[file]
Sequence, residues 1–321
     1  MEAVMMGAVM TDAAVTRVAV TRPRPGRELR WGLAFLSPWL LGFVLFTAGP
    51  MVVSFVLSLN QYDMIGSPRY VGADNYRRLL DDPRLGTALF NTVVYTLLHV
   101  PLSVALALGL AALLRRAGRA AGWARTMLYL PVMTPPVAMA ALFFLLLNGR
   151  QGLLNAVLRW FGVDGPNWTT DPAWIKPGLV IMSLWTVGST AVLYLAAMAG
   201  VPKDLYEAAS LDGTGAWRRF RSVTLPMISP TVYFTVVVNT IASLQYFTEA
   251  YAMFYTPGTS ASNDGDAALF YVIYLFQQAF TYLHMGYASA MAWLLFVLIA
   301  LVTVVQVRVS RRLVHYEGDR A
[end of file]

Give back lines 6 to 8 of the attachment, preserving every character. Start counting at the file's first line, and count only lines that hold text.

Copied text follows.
   201  VPKDLYEAAS LDGTGAWRRF RSVTLPMISP TVYFTVVVNT IASLQYFTEA
   251  YAMFYTPGTS ASNDGDAALF YVIYLFQQAF TYLHMGYASA MAWLLFVLIA
   301  LVTVVQVRVS RRLVHYEGDR A